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From Canon to HP: values, objectives and press releases


Canon HP Performance Architect update 33/2010

In my previous blog post I reviewed the approach Canon Inc. has to strategic planning and how its actions reflect the corporate strategic direction. While researching the topic I came across the Hewlett-Packard Company (HP) website. HP is considered today the world’s largest IT company, with 304,000 employees worldwide, 1 billion customers in 170 countries, revenue totaling $114.6 billion for fiscal 2009 (HP, 2010a) and a market capitalization of $86.81 billion (Google Finance).

For the last few weeks HP has been in a turmoil with the abrupt resignation of the CEO, so I started comparing the press releases of the two companies for the month of August 2010:

Canon, 2010 (4 releases for the period, I have selected 3 in the list below):

HP, 2010b (15 press releases for the period, I have selected 6 in the list below):

In the case of Canon, as my previous blog post “Canon – kyosei, humanity and excellence” illustrated, empirical observations of secondary data available on the company website suggest alignment between the corporate philosophy, actions and results.

The situation is different in the case of HP. The corporate philosophy lists the usual elements you would expect to find (HP, 2010c):

  • Passion for customers – We put our customers first in everything we do.
  • Trust and respect for individuals – We work together to create a culture of inclusion built on trust, respect and dignity for all.
  • Achievement and contribution – We strive for excellence in all we do; each person’s contribution is critical to our success.
  • Results through teamwork – We effectively collaborate, always looking for more efficient ways to serve our customers.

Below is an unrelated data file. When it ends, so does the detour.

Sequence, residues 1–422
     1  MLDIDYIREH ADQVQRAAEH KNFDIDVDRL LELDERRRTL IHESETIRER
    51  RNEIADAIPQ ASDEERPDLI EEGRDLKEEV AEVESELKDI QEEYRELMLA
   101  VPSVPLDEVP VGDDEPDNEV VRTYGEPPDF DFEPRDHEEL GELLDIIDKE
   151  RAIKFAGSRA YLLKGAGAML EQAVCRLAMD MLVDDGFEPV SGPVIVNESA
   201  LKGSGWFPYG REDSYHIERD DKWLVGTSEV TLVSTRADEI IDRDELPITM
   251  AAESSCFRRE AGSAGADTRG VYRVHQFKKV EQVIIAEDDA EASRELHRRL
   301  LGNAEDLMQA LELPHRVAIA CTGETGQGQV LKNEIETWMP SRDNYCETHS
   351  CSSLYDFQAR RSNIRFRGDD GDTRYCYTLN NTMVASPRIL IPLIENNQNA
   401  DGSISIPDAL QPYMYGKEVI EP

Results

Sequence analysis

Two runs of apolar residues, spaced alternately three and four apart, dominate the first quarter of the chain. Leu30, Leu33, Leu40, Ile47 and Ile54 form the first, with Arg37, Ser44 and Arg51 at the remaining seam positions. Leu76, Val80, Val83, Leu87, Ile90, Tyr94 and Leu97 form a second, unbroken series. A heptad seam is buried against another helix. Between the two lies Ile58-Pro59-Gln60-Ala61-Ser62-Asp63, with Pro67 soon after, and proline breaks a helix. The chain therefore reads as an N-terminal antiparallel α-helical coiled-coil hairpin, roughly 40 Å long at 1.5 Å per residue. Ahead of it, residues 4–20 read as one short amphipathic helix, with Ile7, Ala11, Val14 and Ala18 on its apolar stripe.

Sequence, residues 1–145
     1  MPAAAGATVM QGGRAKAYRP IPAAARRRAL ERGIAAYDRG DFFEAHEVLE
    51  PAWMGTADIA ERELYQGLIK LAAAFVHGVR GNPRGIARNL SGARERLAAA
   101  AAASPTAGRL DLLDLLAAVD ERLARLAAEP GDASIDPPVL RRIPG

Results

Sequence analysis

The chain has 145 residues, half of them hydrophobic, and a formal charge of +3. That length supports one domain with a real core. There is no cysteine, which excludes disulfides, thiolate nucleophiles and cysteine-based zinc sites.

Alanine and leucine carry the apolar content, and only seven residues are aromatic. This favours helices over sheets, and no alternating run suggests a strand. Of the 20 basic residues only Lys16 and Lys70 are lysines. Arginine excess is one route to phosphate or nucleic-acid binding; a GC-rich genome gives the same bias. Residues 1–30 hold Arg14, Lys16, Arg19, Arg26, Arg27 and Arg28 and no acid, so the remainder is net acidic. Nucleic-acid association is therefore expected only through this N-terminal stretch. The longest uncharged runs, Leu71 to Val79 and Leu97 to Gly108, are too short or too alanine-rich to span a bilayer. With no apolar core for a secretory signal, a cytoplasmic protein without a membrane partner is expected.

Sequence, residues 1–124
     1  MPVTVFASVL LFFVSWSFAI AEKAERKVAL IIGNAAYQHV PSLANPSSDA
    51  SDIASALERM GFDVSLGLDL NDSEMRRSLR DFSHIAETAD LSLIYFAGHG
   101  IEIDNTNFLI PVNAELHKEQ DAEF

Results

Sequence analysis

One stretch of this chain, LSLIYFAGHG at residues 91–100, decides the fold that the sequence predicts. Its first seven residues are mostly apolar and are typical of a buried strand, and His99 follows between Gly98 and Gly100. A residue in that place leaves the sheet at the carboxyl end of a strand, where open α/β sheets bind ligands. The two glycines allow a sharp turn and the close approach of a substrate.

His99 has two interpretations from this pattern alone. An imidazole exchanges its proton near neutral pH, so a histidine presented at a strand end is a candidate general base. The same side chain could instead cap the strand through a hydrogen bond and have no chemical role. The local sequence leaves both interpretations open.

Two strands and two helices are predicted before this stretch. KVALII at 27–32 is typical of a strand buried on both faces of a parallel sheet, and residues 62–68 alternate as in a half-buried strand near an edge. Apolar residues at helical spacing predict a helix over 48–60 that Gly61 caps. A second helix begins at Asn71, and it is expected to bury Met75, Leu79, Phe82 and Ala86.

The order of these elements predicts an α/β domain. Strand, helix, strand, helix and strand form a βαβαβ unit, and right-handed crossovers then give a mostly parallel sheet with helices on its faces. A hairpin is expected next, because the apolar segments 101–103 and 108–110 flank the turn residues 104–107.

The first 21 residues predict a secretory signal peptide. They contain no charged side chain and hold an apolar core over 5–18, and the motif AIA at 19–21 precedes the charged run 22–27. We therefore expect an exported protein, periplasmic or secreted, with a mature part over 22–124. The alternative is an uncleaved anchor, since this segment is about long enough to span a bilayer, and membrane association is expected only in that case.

• Speed and agility – We are resourceful and adaptable, and we achieve results faster than our competitors.
  • Meaningful innovation – We are the technology company that invents the useful and the significant.
  • Uncompromising integrity – We are open, honest and direct in our dealings.

Even the objectives of the organization have some similarities to the ones from Canon, such as leadership and global citizenship. However, according to HP, they were first written in 1957 by co-founders Bill Hewlett and Dave Packard:

  • Customer loyalty – We earn customer respect and loyalty by consistently providing the highest quality and value.
  • Profit – We achieve sufficient profit to finance growth, create value for our shareholders and achieve our corporate objectives.
  • Growth – We recognize and seize opportunities for growth that builds upon our strengths and competencies.
  • Market leadership – We lead in the marketplace by developing and delivering useful and innovative products, services and solutions.
  • Commitment to employees – We demonstrate our commitment to employees by promoting and rewarding based on performance and by creating a work environment that reflects our values.
  • Leadership capability – We develop leaders at all levels who achieve business results, exemplify our values and lead us to grow and win.
  • Global citizenship – We fulfill our responsibility to society by being an economic, intellectual and social asset to each country and community where we do business.

When it comes to how HP press releases reflect these statements, a mixed picture emerges. A settlement with the U.S. Department of Justice (regarding an award schedule contract investigation) and the resignation of the CEO (after a sexual harassment probe uncovered subterfuge with company expenses) are actions largely misaligned with the stated values and objectives. No doubt HP is a successful company. Its financial results, commercial performance and innovation capability all contribute to making it the number 1 IT company in the world.

However the question of how important is the alignment between the corporate philosophy (vision, values, objectives) and actions is a valid one. Further research would be useful to uncover these relationships. Or perhaps only time will tell.

Stay smart! Enjoy!

Aurel Brudan

Performance Architect,


Walker, Rob 1992, “Rank Xerox – Management Revolution”, Long Range Planning, Vol. 25, No. 1, pp. 9 to 21

Country Brand Index 2009 – USA, Canada and Australia atop the list
Canon – kyosei, humanity and excellence

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